For a while now, it has been recognized that the body mass index (BMI) is an imperfect means of evaluating an individual’s weight and their related health status. Nevertheless, it remains the primary tool relied upon by medical professionals, researchers studying populations, and personal trainers.
Why does this imperfect tool persist in use, and what alternative approaches should we consider?
First of all, what is body mass index exactly?
BMI is a globally acknowledged assessment technique that categorizes individuals into four distinct weight classifications: underweight (BMI less than 18.5), normal weight (18.5 to 24.9), overweight (25.0 to 29.9), or obese (30 or higher).
This value is derived by dividing an individual’s weight by the square of their height.
Who is credited with the invention of BMI?
The BMI was conceived by Lambert Adolphe Jacques Quetelet, a Belgian mathematician who lived from 1796 to 1874. He introduced the BMI in 1832 as a mathematical model to depict the physical attributes of the average Western European man.
Originally named the ‘Quetelet Index’, it was not originally intended for medical evaluation purposes. In 1972, it was rebranded as the ‘body mass index’.
What are the shortcomings of BMI?
Utilizing a mathematical formula to provide a comprehensive assessment of an individual’s health is fundamentally challenging. Body mass index solely gauges ‘excess’ weight and fails to assess excess body fat, bone mass, or muscle mass.
Furthermore, it does not consider the distribution of fat, which is an important indicator of health, including risks associated with conditions like type 2 diabetes, metabolic disorders, and heart disease.
Additionally, BMI lacks the capacity to account for social variables such as gender, age, and ethnicity. Since Quetelet’s formula was originally designed for Western European men, its applicability to other demographic groups, including non-European ethnicities, post-menopausal women, and pregnant women, is limited.
Overreliance on body mass index within the medical field might potentially compromise patients’ health by neglecting critical aspects of overall well-being and concentrating solely on body mass.
What alternatives should we consider instead of BMI?
Rather than relying solely on body mass index as the primary diagnostic tool for assessing an individual’s health, it should be employed alongside other metrics and factors.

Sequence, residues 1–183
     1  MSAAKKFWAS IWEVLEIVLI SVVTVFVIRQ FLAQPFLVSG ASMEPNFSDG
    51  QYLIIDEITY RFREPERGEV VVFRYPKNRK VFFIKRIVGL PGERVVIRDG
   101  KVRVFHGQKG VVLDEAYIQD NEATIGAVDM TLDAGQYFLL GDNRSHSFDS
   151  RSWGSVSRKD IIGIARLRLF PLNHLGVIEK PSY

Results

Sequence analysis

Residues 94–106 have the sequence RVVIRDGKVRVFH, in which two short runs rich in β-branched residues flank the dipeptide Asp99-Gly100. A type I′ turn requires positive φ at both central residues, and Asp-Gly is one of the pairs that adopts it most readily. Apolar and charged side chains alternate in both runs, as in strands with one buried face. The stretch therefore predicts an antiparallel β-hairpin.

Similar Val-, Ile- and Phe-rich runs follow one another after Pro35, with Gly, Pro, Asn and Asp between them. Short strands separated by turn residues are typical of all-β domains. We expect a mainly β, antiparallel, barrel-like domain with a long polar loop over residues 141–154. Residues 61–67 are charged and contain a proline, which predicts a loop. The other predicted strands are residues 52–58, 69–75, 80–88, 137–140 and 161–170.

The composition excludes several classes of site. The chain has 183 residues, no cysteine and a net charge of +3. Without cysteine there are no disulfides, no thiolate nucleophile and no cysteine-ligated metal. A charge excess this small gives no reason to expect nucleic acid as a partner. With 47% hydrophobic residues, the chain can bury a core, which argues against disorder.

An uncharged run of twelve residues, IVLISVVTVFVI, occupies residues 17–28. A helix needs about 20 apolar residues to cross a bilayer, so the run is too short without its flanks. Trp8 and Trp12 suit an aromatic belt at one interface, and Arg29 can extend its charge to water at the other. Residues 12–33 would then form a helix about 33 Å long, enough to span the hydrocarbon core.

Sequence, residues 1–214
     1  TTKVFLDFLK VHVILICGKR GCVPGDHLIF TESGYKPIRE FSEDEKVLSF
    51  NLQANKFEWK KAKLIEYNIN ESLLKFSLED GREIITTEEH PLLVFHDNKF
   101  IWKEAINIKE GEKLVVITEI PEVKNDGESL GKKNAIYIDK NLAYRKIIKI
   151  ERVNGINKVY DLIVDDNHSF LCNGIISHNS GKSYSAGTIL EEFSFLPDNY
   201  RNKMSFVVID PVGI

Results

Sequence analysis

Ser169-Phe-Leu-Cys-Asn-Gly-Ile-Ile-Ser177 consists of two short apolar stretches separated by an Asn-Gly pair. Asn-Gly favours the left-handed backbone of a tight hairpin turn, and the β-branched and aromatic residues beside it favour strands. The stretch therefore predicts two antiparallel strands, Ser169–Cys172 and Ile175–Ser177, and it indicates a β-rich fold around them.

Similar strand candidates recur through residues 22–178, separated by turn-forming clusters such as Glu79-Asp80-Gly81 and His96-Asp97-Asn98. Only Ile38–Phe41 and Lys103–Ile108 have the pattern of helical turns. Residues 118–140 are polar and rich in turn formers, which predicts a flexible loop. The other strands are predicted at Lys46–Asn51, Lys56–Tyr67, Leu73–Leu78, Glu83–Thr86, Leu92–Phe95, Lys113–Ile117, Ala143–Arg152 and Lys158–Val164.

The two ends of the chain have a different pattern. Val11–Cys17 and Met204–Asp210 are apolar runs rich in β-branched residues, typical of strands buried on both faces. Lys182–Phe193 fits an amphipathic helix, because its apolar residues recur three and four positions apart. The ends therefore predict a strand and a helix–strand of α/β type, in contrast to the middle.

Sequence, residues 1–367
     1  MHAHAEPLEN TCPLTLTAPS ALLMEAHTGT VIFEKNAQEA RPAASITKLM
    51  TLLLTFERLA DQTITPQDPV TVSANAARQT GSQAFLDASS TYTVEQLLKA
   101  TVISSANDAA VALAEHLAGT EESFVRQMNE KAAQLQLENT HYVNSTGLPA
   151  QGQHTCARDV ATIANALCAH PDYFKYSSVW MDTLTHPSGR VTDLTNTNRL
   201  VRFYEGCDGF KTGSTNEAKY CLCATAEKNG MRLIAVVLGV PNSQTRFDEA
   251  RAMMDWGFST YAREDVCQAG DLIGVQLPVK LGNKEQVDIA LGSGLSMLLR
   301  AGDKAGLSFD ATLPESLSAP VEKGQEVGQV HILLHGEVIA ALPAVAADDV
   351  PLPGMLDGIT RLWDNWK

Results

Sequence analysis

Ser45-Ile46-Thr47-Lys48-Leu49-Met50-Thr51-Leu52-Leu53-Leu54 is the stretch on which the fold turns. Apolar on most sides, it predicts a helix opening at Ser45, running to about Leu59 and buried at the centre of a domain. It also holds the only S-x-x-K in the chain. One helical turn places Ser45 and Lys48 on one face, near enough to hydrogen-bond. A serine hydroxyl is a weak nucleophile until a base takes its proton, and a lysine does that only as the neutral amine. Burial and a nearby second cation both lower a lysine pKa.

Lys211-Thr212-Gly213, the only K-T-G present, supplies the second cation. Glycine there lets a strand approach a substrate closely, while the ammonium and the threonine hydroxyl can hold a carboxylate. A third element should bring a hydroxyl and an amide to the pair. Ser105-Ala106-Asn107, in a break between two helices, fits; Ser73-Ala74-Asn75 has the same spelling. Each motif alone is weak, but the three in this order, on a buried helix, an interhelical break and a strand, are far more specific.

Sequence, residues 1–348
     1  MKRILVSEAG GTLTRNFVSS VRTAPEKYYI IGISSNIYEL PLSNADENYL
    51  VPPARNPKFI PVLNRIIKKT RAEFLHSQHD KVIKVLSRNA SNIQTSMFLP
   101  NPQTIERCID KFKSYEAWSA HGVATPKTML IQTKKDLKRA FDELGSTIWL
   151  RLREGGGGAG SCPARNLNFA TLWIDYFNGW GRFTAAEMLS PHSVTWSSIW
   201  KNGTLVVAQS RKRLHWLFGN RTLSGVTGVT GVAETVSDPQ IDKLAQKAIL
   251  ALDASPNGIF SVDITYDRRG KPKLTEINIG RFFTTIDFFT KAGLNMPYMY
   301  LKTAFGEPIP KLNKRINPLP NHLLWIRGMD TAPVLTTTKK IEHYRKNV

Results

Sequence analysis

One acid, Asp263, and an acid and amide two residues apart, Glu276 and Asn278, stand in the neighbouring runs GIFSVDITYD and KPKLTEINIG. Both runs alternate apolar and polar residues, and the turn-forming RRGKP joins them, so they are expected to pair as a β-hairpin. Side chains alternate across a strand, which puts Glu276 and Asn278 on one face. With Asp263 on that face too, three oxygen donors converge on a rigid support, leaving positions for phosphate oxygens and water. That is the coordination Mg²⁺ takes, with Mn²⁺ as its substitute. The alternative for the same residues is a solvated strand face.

Given that scientific evidence highlights the increased health risks associated with abdominal fat around vital organs, more precise measurements of health can be obtained through assessments like waist circumference, waist-to-hip ratio, or waist-to-height ratio.
Waist circumference serves as an effective indicator of fat distribution, particularly for individuals with lower body fat and greater muscle mass, such as athletes. Its predictive value for health is most robust when used in conjunction with body mass index.
For optimal health, it is advisable that waist circumference remains below 94cm for men and 80cm for women, measured midway between the bottom of the ribcage and the hip bones.
Waist-to-hip ratio calculates the proportion of body fat distributed around the waist, hips, and buttocks by dividing the waist measurement by the hip measurement. According to the World Health Organization, it should ideally be 0.85 or lower for women and 0.9 or lower for men to mitigate health risks.
This measure is particularly valuable in forecasting health outcomes among older individuals, as the aging process brings about changes in body proportions upon which body mass index is based. This is because fat mass increases and muscle mass decreases with age.
The waist-to-height ratio is derived by dividing height by waist circumference, and it is recommended that an individual’s waist circumference remains less than half of their height. Some studies have found that this measurement exhibits the strongest correlation with health predictions.
You can determine body composition and body fat percentage too by conducting skinfold measurement tests, which involve using skin calipers to evaluate particular body areas like the abdomen, triceps, or quadriceps.
In addition, assessing your heart health can involve consulting your physician for the monitoring of cholesterol and blood pressure levels. These more structured assessments can be complemented with a comprehensive evaluation of your lifestyle, dietary habits, physical activity, and family medical history.
What contributes to our overall health besides weight?
Adopting a balanced diet that incorporates whole grains, lean protein sources like fish and legumes, along with items such as eggs, yogurt, cheese, milk, nuts, seeds, and a generous amount of fresh fruits and vegetables can significantly reduce the risk of heart and vascular diseases.
Maintaining a healthy weight and preventing diet-related illnesses can be achieved by limiting the consumption of processed foods, sugary snacks, saturated fats, and trans fats.
Regular physical activity on most days of the week plays a crucial role in enhancing overall well-being. This entails engaging in strength training sessions twice a week and either 2.5 to five hours of moderate cardio activity or 1.25 to 2.5 hours of vigorous cardio activity.
It’s essential to recognize that weight represents just one facet of health, and there are more effective measures than body mass index for assessing an individual’s well-being.